Day 10
    Lisbon, Portugal

    Legendary Lisbon

  • Day 11
    Lisbon, Portugal

    Farewell in Lisbon

    November 13, 2022

    Our expedition cruise ends at Lisbon. After breakfast, bid a fond farewell to MS Spitsbergen and to the people who made your expedition so memorable, including the Expedition Team and crew members.

    Post-program

    We are confident that your cruise through the fascinating history of Europe’s Atlantic coastline has been fantastic, but you don’t need to go home just yet. Want to explore Lisbon and its surroundings before returning home? We recommend joining our optional Post-Program.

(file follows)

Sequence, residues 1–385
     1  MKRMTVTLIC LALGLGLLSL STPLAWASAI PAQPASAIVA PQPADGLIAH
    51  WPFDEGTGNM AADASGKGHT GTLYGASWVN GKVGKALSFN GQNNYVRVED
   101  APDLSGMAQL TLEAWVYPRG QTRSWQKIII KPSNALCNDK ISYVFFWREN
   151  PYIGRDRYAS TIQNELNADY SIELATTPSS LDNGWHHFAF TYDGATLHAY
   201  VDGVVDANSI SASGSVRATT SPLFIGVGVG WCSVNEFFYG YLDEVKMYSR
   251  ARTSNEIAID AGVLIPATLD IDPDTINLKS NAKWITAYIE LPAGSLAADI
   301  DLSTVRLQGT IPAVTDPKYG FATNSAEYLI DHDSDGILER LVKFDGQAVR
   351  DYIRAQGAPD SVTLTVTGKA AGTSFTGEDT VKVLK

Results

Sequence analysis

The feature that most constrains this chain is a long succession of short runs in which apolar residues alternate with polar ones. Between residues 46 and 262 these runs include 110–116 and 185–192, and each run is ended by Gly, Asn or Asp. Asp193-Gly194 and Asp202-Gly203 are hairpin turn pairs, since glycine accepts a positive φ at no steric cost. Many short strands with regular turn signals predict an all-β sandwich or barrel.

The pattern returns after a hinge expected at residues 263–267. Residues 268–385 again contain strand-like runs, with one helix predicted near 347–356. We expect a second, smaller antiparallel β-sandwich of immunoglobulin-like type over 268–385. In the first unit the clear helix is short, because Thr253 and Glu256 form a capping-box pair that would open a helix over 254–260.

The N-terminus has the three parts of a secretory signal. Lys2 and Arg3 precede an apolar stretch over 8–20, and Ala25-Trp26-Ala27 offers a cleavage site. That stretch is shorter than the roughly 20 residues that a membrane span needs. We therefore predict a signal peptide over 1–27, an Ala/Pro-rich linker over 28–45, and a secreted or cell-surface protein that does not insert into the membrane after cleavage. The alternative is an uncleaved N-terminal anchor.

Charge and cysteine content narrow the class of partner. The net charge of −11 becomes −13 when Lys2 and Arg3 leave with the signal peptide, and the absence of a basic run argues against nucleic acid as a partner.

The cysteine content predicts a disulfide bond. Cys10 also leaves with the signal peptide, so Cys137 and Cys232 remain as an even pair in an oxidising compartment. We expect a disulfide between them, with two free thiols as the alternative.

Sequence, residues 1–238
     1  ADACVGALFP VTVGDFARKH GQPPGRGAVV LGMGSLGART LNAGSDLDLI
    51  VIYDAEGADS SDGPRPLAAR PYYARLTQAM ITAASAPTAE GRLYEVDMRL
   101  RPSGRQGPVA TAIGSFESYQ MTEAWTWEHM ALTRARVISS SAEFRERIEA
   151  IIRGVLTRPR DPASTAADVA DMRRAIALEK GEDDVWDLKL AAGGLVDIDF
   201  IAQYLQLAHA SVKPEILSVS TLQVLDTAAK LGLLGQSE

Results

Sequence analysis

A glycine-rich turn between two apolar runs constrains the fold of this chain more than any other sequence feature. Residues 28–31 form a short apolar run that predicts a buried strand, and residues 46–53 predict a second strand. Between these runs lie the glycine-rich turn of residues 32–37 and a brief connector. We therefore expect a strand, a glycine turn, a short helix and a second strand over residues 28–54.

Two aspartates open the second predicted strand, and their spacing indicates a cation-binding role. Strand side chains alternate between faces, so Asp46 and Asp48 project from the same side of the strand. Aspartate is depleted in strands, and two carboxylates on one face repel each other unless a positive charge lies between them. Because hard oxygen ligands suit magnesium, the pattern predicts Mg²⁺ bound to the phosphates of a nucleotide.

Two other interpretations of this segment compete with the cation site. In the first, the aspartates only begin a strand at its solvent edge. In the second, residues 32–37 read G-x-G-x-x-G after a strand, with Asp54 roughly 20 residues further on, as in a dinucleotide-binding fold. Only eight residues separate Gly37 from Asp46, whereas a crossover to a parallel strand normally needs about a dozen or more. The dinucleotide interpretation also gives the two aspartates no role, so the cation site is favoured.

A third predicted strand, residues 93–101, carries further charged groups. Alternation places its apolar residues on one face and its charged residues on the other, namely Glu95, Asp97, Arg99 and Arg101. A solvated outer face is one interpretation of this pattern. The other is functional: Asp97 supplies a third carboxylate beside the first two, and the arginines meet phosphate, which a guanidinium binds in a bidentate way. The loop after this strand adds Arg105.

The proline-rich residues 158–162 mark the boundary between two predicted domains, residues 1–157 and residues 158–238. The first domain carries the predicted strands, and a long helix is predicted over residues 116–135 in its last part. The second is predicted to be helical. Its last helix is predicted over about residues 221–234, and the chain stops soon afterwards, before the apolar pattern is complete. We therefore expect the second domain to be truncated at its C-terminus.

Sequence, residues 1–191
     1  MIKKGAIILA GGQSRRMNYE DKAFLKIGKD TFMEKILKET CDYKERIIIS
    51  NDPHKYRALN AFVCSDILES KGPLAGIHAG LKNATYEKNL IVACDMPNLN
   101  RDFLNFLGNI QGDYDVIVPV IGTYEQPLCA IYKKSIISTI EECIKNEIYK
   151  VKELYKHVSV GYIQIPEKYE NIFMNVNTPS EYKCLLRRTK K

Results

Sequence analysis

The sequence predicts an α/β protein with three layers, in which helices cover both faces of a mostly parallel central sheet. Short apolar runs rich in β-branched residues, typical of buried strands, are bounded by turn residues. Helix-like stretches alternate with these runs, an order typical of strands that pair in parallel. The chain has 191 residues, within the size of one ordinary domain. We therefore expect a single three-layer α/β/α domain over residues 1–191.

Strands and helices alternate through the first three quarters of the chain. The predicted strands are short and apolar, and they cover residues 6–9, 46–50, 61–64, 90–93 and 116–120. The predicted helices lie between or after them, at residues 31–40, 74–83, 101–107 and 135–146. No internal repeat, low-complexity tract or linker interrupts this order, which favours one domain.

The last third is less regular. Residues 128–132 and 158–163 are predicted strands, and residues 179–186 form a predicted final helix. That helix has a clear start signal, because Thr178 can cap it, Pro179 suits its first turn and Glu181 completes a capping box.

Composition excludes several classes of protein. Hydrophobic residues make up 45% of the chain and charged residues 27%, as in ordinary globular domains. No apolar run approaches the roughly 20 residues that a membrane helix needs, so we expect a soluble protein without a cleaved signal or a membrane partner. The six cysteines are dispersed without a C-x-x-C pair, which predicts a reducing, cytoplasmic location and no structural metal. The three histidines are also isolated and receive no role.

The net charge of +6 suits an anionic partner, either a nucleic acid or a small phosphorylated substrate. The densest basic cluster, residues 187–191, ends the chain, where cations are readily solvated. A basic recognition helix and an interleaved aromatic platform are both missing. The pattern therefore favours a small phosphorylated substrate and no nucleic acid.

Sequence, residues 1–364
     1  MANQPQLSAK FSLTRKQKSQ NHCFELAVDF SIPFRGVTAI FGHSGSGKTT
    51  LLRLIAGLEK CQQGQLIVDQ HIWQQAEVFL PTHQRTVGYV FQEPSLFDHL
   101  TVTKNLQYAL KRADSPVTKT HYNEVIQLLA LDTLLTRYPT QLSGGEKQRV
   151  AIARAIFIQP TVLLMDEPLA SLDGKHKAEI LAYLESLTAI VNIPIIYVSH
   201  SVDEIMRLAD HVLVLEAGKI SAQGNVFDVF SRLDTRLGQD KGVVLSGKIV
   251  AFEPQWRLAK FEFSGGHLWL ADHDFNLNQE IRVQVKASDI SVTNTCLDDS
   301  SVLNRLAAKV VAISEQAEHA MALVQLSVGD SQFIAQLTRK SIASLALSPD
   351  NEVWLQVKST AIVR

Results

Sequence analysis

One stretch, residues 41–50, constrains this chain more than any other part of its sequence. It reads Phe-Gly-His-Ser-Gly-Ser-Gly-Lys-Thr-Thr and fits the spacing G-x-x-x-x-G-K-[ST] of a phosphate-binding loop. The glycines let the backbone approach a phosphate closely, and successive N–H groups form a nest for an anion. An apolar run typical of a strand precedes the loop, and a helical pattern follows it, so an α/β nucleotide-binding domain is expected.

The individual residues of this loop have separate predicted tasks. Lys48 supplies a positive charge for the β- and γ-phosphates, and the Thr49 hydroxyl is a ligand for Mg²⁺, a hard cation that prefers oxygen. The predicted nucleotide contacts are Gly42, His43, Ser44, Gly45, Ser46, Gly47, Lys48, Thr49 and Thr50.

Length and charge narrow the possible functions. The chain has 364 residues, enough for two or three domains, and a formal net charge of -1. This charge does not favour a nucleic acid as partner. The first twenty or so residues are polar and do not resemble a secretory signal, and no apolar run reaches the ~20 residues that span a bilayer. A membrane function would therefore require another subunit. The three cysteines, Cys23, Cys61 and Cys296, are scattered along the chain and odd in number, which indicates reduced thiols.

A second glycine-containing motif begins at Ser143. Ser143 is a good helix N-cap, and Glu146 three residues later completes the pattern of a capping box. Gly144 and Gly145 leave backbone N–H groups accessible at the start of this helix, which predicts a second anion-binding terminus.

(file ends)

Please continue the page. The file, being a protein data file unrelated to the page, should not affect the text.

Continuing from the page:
On this Post-Program, you’ll explore Lisbon’s fascinating historic districts and then resorts outside the city, including the UNESCO World Heritage town of Sintra, Monserrate Palace, and a guided excursion to the beaches of Cascais. Then you’ll return to Lisbon to spend the night.

    As you return home, no doubt you’ll already be planning your next adventure. We look forward to welcoming you on board again soon!

    Day 11
    Lisbon, Portugal

    Farewell in Lisbon

Departures

2022

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What's Included

Included in Your Expedition

Expedition Cruise

  • Expedition cruise in the cabin of your choice
  • Breakfast, lunch, and dinner, including beverages (house beer and wine, sodas, and mineral water) in our Aune restaurant
  • Complimentary tea and coffee
  • Complimentary Wi-Fi on board. Be aware that we sail in remote areas with limited connection. Streaming is not supported.